19. Name three terms that are indispensable to the meaning of the book and define them. (We have moved to the conceptual level of the book. Look for important words and use them to locate the terms. In fiction, terms correspond to episodes, incidents, the characters, their thoughts, speeches, and feelings.)
20. Please state three propositions that are central to the argument. (Propositions are sub-arguments. To believe the larger argument, you need to believe the sub-arguments. Locate the important sentences and use them to name the main propositions. In a piece of fiction, propositions correspond to the various settings where the action takes place. These can be places, social settings of various types, or even states of mind.)
21. Please state the main argument as briefly as possible. Does the author state the argument? Where? (In a piece of fiction, the argument corresponds to the fundamental logic that moves the action from scene to scene.)
22. Name the three most compelling pieces of proof the author uses to back his thesis and state the argument or sub-argument that they support. If it is a piece of fiction name the three most compelling incidents, passages, or scenes. (Here you should cite specific facts or incidents, not arguments or general propositions)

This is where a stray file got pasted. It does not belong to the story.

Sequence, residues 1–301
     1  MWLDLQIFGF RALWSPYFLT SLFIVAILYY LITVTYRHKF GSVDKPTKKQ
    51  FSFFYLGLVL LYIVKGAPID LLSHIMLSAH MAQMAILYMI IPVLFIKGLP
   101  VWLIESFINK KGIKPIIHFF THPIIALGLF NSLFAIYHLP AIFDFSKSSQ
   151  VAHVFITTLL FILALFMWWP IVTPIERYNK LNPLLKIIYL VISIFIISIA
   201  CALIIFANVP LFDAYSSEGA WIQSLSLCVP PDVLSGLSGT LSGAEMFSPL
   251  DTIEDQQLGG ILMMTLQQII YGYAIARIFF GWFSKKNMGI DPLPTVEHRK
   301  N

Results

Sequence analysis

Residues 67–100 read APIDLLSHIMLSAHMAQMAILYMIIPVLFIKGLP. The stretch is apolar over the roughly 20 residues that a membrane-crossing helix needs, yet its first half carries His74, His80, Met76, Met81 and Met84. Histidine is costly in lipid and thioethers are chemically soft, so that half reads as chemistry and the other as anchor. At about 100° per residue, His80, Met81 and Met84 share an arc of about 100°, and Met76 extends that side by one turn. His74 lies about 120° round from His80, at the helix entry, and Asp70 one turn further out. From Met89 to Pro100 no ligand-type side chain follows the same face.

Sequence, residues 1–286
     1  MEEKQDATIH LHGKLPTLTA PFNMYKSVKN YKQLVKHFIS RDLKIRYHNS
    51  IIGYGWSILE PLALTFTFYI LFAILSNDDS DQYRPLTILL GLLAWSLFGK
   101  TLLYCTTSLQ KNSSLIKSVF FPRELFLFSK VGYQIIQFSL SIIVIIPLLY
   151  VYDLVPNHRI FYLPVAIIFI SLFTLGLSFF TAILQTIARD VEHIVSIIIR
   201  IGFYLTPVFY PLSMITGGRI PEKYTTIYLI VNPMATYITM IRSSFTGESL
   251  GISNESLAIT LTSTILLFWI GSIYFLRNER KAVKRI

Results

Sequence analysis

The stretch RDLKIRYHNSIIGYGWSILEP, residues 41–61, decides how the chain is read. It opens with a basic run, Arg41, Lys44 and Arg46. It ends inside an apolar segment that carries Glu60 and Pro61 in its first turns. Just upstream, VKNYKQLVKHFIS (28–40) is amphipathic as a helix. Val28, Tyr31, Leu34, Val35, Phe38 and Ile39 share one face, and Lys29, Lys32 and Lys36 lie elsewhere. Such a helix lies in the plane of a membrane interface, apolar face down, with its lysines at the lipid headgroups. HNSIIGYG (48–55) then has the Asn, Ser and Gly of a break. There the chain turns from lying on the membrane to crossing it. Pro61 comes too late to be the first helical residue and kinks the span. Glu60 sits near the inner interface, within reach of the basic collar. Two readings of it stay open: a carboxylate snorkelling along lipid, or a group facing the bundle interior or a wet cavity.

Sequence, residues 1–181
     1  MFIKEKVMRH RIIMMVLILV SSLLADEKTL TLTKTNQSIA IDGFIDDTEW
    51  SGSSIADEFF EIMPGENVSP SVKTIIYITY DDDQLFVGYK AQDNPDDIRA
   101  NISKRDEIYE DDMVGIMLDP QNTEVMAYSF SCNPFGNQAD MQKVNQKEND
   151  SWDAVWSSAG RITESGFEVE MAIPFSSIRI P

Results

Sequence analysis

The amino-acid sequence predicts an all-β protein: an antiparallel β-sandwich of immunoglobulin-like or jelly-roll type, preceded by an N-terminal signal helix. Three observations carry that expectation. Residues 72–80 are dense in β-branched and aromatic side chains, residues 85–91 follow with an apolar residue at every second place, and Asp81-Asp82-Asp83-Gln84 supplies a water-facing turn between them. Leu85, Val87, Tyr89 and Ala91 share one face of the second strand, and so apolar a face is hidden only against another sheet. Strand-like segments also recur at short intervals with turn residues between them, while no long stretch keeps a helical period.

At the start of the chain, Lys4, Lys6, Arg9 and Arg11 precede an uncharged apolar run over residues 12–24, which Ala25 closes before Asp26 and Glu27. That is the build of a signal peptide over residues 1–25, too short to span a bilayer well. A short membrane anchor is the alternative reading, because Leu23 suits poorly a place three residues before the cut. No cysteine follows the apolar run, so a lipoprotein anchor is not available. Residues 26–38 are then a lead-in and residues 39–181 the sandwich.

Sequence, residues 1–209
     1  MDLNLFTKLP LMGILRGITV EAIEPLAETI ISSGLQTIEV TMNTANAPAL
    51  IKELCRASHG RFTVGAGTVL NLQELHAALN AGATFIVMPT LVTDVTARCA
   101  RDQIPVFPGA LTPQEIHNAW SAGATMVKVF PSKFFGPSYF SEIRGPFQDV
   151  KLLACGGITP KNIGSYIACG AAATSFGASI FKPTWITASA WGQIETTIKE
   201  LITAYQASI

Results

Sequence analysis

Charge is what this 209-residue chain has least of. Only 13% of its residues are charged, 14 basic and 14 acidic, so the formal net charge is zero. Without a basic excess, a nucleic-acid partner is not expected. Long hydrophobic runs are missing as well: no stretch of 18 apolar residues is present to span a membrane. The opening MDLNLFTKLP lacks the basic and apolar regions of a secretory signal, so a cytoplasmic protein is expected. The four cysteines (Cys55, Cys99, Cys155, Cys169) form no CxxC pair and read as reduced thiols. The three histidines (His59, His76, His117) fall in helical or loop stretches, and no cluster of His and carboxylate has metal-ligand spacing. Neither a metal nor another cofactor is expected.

23. Are images central to the meaning of the book? If so, name the most important image and briefly describe its role in advancing an argument or sub-argument. (Remember that here you are looking for major tropes such as metaphors, similes, metonymies, and synecdoches. Also, you are focusing on visual tropes, ones that you can envision in the mind’s eye.)
24. Quote three phrases that are crucial to the meaning of the book and give their location in the text. (Here you should choose the most outstanding phrases, the ones that come closest to making you want to memorize them and you should quote the whole phrase.)
Part III/ Critical Reading:
Please answer each of the following questions in a single concise paragraph.
25. What do you find most convincing about this book? Why? (For a literary text change "convincing" to "compelling." Also, remember that here the best answer will focus on specific arguments and on why you believe them, not on generalities like: “the author uses proof to support his thesis” or “the author writes in a good style.” For a literary text, this means focusing on specific scenes, characters, figures, or situations that you have analyzed, rather than mere impressions. As always, convey your answer in your best style.)
26. What do you find least convincing about this book? Why? (For a literary text change "convincing" to "compelling." Again, take note that the best kind of answer will focus on specific arguments, their logic, and on the evidence backing those arguments, not on generalities, mere opinions, or feelings. For a literary text, this means focusing on specific scenes, characters, figures, or situations that you have analyzed, rather than mere impressions. As always convey your answer in your best style.)